The unique setting truly made the book special. The book is actually based off the Kowloon Walled City in Hong Kong, though The Walled City is not historical fiction. I was sucked in by the setting, and Graudin’s description made the hopelessness, cruel poverty, and desperate life of the streets feel so real. The few times the setting strayed to the nice city surrounding Hak Nam (the Walled City’s real name in the novel), I was immediately jarred by the change and the striking contrast between the two cities — the world building was just that good.

Though the Asian influence wasn’t overwhelming, I appreciated the added diversity in the book. Realistically, and with minor changes, the novel could have been set in any  large, metropolitan city across the globe (besides the fact that it was based off a real city in Asia). The book’s Asian setting didn’t influence any major part of the plot; the same poverty, crime, and lawlessness can be found anywhere.

But the small details — about the sisters’ old home in the rice paddies, the way the neighborhood noodle shops, etc. would prepare the ingredients in the morning, the traditional and “reversed” (in Western view) style of the characters’ names — were subtle and captivating peeks into another culture. The Asian influences hinted at in the synopsis was part of the reason I bought the book, and I wasn’t disappointed.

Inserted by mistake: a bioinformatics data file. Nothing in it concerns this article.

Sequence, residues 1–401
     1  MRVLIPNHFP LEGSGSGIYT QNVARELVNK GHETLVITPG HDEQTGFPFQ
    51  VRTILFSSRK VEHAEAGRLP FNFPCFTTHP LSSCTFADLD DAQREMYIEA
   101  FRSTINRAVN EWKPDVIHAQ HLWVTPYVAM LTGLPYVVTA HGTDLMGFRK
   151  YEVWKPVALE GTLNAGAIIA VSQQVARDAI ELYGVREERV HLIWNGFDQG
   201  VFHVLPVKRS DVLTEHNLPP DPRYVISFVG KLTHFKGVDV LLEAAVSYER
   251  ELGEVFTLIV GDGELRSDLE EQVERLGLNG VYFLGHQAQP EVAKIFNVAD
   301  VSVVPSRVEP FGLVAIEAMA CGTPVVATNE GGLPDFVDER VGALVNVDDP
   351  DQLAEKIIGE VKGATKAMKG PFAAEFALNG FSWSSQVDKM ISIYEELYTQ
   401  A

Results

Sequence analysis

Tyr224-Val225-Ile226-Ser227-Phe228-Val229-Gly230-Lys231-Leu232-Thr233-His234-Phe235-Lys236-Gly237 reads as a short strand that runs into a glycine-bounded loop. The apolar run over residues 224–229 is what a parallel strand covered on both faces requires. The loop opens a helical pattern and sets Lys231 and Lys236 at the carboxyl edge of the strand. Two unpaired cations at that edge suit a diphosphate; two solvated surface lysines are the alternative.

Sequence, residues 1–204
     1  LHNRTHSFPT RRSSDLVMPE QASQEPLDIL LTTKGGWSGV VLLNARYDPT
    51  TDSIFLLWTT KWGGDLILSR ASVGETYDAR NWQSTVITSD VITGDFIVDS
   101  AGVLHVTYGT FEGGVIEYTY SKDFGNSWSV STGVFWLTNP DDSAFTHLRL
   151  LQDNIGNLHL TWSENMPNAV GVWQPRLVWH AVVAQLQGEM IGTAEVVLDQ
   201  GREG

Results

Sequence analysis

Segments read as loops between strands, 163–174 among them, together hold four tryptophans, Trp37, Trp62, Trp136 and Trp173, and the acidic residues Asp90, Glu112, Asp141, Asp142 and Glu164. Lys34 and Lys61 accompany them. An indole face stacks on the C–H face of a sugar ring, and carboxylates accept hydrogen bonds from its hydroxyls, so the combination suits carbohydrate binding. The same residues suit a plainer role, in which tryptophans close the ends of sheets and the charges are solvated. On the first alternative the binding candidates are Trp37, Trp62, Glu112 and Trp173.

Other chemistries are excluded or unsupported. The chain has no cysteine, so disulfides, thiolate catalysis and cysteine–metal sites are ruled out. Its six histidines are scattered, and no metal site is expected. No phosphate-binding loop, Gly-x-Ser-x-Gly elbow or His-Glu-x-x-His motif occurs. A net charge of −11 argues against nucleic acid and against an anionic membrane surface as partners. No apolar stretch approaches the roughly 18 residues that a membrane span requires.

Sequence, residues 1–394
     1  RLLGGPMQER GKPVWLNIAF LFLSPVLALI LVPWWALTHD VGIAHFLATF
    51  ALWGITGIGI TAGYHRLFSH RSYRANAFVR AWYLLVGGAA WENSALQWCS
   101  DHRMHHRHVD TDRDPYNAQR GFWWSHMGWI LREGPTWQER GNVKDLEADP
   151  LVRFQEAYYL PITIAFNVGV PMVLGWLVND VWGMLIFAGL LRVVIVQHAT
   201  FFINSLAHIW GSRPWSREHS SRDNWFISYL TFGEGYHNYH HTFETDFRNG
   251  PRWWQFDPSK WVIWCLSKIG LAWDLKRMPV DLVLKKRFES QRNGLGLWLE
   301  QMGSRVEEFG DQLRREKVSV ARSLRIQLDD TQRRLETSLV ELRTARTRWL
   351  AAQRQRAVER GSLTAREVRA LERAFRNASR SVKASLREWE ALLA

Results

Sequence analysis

And I couldn’t finish up what I liked without mentioning Jin and Dai’s relationship. Though they start out as strangers and reluctant-to-trust allies, their relationship very believably deepened until they were something like siblings — watching over and protecting each other, and relieving and comforting the void in each others’ lives. Their sibling-like relationship made me feel all the feels, especially when View Spoiler » Let’s just say it was my favorite relationship in the book.

But the book’s biggest flaw that forced me to reconsider my opinion was its pacing. Considering the way The Walled City was marketed as an “adrenaline-fueled novel” featuring a “desperate attempt to escape a lawless labyrinth before the clock runs out,” I was frustrated by the way the plot seemed to lag for most of the book. While I did read it very slowly over a long period of time, it wasn’t just me.

Check out my new #bookstagram, @everybookaworld!

Check out my new #bookstagram, @everybookaworld!

Though it started out with a bang and the last third or forth of the book was non-stop action, the first half or so of the book seemed to drag for me. It wasn’t until exactly the 50% mark that a few big secrets were revealed, finally setting more parts of the plot into motion. Before this point, I was growing quite tired of information being handed out like breadcrumbs, and not being able to even guess what general direction the plot might be headed towards. I can imagine that many people might have DNF’ed before reaching halfway because of this.

The romance wasn’t without flaws, either; I had very mixed opinions about its place in the book. When Mei Yee and Dai first met and were obviously enchanted by each other, inwardly I was begging that their relationship wouldn’t go anywhere. I felt that such a relationship seemed unbelievable in the cruel world of the Walled City, and that their personalities didn’t really mesh.